On a hot August morning twenty-seven years ago, my husband Trent took me to the emergency room with severe abdominal pains. The pain had started shortly after breakfast. As the minutes passed, the pains only intensified.
I lay in ER, writhing in pain, while the doctors discussed my case. They weren’t sure what was wrong, but they thought I would probably need surgery. When they heard that six months earlier I had had a bleeding disorder and almost died at the same hospital, they decided to send me three hours across the state to University of Michigan Hospitals. Six months earlier, U of M had treated me for the bleeding disorder. They could treat me again if need be.
“Can Trent ride with me?” I begged as I was loaded into the ambulance.
The EMTs agreed, although he would ride in front. But simply having Trent in the same vehicle brought comfort. I didn’t want to travel alone as I had six months earlier when I was flown to U of M by helicopter.
Recently I’ve been memorizing a passage in John 6 where Jesus declares He is the Bread of Life. A group of Jews (who had eaten from the miracle of the loaves and fishes, but wanted more free food) reminded Jesus that Moses had given their ancestors manna in the wilderness. Jesus corrected them. Moses did not give the manna. God did.
Last night I thought about the estimated over two million Jews traveling from Egypt to the Promised Land. They had all the food they could eat (manna), their clothes and sandals didn’t wear out, and they stayed healthy if they obeyed God.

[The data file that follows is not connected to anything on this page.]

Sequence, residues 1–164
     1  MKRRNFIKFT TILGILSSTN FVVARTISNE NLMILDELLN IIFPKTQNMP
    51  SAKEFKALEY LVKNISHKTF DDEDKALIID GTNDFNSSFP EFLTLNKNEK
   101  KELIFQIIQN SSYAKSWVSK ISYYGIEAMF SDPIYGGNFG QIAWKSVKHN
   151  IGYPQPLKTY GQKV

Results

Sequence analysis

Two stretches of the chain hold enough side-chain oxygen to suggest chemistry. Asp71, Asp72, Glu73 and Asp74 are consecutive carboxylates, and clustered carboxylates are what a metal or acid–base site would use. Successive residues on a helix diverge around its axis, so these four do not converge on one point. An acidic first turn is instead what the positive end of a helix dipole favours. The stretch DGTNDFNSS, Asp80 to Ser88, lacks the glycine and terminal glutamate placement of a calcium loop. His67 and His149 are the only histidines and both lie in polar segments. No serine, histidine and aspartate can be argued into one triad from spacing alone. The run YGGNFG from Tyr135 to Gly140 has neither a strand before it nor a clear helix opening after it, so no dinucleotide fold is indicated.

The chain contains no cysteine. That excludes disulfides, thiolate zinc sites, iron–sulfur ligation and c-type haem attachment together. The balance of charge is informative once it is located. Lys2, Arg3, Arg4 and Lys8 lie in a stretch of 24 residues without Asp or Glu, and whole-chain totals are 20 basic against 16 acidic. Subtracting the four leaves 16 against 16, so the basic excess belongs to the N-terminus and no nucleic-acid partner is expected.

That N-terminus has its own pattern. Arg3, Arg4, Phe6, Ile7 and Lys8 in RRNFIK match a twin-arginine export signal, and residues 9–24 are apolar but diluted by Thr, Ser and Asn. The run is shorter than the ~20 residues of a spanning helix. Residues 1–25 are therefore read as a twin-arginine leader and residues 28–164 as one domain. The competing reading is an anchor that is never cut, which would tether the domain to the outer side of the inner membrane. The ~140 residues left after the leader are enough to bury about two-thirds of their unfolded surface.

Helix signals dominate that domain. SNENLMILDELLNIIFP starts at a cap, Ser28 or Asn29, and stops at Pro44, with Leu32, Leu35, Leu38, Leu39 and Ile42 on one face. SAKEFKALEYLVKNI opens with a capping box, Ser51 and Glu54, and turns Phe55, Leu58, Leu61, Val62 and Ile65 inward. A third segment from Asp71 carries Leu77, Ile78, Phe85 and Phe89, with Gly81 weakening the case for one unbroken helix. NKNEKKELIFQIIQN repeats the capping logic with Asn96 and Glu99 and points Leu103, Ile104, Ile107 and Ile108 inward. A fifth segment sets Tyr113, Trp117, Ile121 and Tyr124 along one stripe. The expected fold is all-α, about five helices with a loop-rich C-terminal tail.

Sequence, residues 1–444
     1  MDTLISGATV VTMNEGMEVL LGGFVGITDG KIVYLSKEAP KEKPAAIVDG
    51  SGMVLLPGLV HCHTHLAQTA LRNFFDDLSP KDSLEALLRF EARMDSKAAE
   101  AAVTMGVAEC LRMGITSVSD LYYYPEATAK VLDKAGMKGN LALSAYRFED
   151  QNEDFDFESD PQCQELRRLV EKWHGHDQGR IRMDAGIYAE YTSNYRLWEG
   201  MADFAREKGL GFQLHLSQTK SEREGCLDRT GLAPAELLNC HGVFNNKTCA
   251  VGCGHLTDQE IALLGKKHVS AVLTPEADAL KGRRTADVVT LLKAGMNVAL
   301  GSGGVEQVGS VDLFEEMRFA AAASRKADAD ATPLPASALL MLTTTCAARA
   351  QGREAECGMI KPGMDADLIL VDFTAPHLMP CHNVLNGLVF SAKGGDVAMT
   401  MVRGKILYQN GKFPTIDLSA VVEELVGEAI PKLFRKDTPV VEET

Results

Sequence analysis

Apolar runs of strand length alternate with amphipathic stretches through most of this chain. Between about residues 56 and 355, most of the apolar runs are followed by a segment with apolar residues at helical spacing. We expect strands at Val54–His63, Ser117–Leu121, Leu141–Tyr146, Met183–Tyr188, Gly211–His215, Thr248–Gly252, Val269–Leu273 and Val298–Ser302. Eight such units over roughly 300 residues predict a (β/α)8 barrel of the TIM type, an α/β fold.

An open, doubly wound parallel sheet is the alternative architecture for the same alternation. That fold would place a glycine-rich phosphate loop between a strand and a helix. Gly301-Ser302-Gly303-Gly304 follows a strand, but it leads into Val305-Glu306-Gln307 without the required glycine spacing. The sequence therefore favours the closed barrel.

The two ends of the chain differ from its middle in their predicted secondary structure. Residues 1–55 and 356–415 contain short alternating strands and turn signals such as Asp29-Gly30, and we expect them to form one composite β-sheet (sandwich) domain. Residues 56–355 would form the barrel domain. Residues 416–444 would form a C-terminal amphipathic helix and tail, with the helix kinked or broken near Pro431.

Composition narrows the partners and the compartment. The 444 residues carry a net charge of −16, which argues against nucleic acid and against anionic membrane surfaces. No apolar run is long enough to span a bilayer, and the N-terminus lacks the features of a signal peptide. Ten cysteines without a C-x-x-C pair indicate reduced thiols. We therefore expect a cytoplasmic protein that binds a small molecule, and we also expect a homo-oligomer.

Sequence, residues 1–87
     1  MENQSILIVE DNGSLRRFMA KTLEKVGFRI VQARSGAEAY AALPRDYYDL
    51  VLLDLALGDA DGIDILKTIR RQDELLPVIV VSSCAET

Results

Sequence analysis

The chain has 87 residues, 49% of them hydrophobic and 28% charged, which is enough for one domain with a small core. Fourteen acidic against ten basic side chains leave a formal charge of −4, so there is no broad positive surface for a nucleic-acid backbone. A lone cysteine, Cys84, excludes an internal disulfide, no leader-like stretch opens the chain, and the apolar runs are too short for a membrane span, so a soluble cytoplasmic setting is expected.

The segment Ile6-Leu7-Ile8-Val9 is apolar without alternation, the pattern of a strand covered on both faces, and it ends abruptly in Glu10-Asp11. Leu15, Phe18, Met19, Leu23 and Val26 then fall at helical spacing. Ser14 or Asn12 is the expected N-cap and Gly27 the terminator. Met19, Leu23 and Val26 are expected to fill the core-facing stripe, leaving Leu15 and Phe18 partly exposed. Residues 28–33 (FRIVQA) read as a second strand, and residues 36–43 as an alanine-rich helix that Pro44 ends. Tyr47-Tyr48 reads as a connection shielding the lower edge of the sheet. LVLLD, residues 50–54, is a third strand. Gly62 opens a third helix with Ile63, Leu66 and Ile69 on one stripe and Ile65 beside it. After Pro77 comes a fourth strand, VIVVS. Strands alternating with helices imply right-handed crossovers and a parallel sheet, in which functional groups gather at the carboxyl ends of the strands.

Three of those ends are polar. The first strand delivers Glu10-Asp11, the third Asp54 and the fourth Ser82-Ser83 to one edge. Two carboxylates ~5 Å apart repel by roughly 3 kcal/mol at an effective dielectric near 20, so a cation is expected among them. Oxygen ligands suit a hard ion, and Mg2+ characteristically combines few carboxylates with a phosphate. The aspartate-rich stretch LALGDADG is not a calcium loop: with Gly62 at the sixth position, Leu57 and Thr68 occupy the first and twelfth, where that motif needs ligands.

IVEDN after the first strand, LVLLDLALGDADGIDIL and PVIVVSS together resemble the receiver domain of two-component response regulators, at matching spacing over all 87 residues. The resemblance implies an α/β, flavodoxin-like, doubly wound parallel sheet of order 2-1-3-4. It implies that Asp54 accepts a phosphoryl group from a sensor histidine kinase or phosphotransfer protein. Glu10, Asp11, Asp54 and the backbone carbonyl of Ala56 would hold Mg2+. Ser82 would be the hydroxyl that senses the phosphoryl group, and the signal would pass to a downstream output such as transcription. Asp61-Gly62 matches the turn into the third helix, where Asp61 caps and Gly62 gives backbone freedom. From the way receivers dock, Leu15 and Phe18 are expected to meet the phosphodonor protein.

But they did feel need. Sometimes they were thirsty. Water was probably always on their minds. I imagine they grew weary with folding up their houses, walking to the next place, and setting up again. Perhaps they grew weary of the wilderness. For sure they became tired of the manna. And did the Israelites wonder, “Why?” What was the purpose for the wilderness wanderings? Were their lives being wasted out there?
Water. Weariness. Why? Immediate needs. The constant struggle of life. The big picture.
We think about the same things. Usually there’s some immediate concern upmost in my mind—health, what I need to prepare for the next meal, relationship conflicts. Then the constant routine of life can drain our energy, our imaginations if we don’t regularly recharge our hearts. And then the big picture. Why am I here? Not just in general terms, but how best can God use me today?
The traveling Israelites didn’t have it easy. What do you think encouraged them? Hopefully it was God’s presence. In fact, God didn’t just say He was present, He used visible objects to display His presence. Exodus 13:21 explains, “And the LORD went before them by day in a pillar of cloud to lead them along the way, and by night in a pillar of fire to give them light, that they might travel by day and by night.” ESV
God is with us too. As we deal with everyday difficulties, as we get weary of the long haul, when we pose the “Why?” questions. We have many assurances of His presence from His Word such as Hebrews 13:5: “ . . . be content with what you have, for he [God] has said, “I will never leave you nor forsake you.” ESV
God’s presence was a comfort to me when I was in that hospital all those years ago with the abdominal pain. The pain eased off later that day, I was diagnosed with acute pancreatitis, and had to undergo treatment (not eating for 10 days, then removal of my gall bladder). But after a couple of days, Trent went back home to work and be with our young boys. I was left alone, far from home. Yet, I wasn’t alone. God’s presence comforted me.
When has God’s presence been a comfort to you?